Review: The Last Contract #1

LastContract_001_B_IncentiveHitmen are officially a genre by itself and for good reason, as fits many different genres, starting with the obvious of crime, where it definitely deals with the underworld. Movies that often come to mind are Hard Boiled and both volumes of Kill Bill. The other genre that comes to mind are thrillers, as they often deal with some type of searing situation, that often interferes with their job. The most infamous that comes to mind when thinking in this type of situation, is Golgo 13.

The one movie about hitmen and their sort that I really enjoyed and had quite a comedic element to it was RED. The actual comic offered glimpses of comedy throughout while giving the reader a view of how it really was to do a job so dangerous while getting old. The movies played more into the comedy, while offering the viewer the different extremes and personality types within this world. I often wondered if those characters did not retire but kept on actually working in this world.

This is what The Last Contract attempts to answer as we are introduced to Man, as he is referred to in the book, as his semi enjoys retired life. That is until someone breaks into his home to attempt to kill him, but just like muscle memory, he finds his hibernating skills back at work, slicing the killer’s throat. He is now in a predicament where he has to find out who and why there is a contract on him. By issue’s end, you find a pragmatist of an assassin, who is pretty self aware of his age and his agility, but the reader can definitely tell there is more to the Man, to be revealed, before story’s end.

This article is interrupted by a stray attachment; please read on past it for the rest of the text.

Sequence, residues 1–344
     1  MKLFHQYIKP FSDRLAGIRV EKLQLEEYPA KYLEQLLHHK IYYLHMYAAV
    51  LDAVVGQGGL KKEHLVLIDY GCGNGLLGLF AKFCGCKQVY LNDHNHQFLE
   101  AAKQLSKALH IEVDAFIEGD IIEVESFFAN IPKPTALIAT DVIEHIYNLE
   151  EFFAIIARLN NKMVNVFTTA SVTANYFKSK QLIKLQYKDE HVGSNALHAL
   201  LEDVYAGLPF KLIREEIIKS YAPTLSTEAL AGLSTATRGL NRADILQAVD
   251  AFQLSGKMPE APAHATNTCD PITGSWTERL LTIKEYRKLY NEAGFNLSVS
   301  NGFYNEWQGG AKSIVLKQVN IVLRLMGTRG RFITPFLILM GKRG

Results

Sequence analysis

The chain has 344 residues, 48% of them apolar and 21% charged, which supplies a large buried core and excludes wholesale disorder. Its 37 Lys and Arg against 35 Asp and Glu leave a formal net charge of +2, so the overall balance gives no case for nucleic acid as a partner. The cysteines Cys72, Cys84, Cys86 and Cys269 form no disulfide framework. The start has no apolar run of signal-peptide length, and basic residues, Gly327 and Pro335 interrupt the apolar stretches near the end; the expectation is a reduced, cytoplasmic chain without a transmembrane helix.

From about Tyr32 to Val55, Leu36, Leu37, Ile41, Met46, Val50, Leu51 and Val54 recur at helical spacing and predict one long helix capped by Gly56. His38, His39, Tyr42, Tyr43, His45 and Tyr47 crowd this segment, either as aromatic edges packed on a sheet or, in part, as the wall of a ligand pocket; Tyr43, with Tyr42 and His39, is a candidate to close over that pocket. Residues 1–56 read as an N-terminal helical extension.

Overall, a story that definitely has some of the best elements from RED and Unforgiven. The story by Ed Brisson, starts off pretty predictable but by issue’s end, you don’t care much, as he shows how much of a master storyteller he is. The art by Lisandro Estherren is beautiful and irreverent. Altogether, a strong story with equally beautiful illustrations, which will definitely give you a different view of this world.

Story: Ed Brisson Art: Lisandro Estherren
Story: 9 Art: 8 Overall: 9 Recommendation: Read

BOOM! Studios provided Graphic Policy with a FREE copy for review